I recently led a negotiation skills workshop for a client. Revisiting material I’ve collected on negotiations over the years, I was struck once again by a principle called “distributive negotiation,” a process that takes a different perspective on getting what you want. I believe the principle is worth thinking about.
Technically, negotiation is a give and take process where two parties come together to reach agreement or solve a conflict. The parties have different, and often conflicting, goals, needs and perspectives. The key word here is “different.”
Think about it. Negotiation is a part of business as well as our everyday lives. The word rarely brings happy thoughts. For me, I think of my years working in a union environment where negotiation often meant conflict, secrets, mistrust and anger. No one I know likes buying a car. Negotiating a salary or asking for a raise brings knots to most people’s stomachs. Deciding where to go to dinner with a friend can take forever. And parents do it with children all the time.
The underlying principle of traditional negotiation is competition – I win, you lose. If not competition, compromise is often the fallback in these situations. While there may be times to compromise, this really means that we both give up some of what we want – lose/lose.
A different way to approach the situation is distributive negotiation, a process based in collaboration. Can we work hard enough, together, to find a solution where we both win? I learned this lesson on a small scale years ago, and it has stuck with me. While working in California, a friend and I were negotiating where to go to dinner. I really wanted Chinese. She really wanted Mexican. We both wanted a great restaurant on the beach. The concierge suggested Poncho and Wong’s, a wonderful fusion place on the beach very close to our hotel. Guacamole and egg rolls. Win/win.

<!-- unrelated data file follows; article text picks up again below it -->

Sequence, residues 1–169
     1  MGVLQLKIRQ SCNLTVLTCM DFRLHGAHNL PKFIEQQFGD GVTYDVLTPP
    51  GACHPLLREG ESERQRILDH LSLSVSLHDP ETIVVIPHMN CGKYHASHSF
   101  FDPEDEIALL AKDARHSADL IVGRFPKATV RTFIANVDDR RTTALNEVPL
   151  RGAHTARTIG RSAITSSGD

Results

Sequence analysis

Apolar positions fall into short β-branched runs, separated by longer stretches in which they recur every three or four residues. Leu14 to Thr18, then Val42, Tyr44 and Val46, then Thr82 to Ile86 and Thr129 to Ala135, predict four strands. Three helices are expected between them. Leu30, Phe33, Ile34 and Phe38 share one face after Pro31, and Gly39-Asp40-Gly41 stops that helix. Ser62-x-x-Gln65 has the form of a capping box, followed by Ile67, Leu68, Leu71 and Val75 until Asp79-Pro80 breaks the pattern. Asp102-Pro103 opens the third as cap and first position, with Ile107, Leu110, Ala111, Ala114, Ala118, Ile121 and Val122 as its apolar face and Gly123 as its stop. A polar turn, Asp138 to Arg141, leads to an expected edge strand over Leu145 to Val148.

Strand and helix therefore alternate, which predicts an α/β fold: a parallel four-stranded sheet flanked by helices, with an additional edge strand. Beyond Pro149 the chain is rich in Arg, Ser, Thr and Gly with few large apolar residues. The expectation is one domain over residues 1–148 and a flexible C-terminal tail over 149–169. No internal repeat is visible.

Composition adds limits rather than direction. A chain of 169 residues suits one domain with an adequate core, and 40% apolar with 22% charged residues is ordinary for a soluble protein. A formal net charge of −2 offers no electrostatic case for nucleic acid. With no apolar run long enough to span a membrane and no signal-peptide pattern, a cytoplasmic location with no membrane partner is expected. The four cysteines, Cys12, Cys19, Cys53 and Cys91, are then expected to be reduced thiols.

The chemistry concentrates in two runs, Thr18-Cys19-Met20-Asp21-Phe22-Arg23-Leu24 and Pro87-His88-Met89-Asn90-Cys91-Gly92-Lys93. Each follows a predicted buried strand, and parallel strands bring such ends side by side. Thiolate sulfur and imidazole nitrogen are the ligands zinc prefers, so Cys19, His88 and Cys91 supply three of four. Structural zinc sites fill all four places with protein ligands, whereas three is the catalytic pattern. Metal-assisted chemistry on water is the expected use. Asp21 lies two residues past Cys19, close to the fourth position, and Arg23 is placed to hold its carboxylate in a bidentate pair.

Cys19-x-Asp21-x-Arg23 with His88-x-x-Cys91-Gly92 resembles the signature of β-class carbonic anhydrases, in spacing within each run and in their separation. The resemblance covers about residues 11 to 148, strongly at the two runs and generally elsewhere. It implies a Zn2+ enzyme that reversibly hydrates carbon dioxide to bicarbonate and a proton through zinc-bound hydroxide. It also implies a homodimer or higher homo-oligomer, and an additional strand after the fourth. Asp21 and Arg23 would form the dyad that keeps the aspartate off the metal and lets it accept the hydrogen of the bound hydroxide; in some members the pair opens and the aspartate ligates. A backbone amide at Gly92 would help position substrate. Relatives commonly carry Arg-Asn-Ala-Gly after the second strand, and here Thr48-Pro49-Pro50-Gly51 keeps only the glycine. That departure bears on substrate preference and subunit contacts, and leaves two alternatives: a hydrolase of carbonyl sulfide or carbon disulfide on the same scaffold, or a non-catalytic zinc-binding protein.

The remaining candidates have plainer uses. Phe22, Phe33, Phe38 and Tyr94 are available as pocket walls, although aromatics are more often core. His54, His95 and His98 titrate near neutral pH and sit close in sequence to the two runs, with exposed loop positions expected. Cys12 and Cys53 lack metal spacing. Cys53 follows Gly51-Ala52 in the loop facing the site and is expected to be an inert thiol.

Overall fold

So, in negotiation, why do we not think win/win? First, it’s not what we’ve learned to do. We go in looking for a fight. Second, we’re conditioned to see compromise as positive, seeking middle ground is a good thing. Rarely do we see compromise as both of us giving up something we value, a situation where we both lose. Third, distributive negotiations are grounded in trust and not in the mistrust of traditional negotiation processes. Trust is tied to relationship, and relationship is rarely a focus of traditional negotiations. And finally, the process takes time, and this means it takes patience. Not usually a strong suit in business or in our day-to-day lives.
Next time you’re in a situation where you must negotiate for what you want, be aware of your initial mindset. There just may be a Poncho and Wong’s solution if you’re willing enough and patient enough to look for it. And everybody wins!
An experienced business executive and organizational consultant, Jan Flynn teaches at the J. Whitney Bunting College of Business at Georgia College & State University.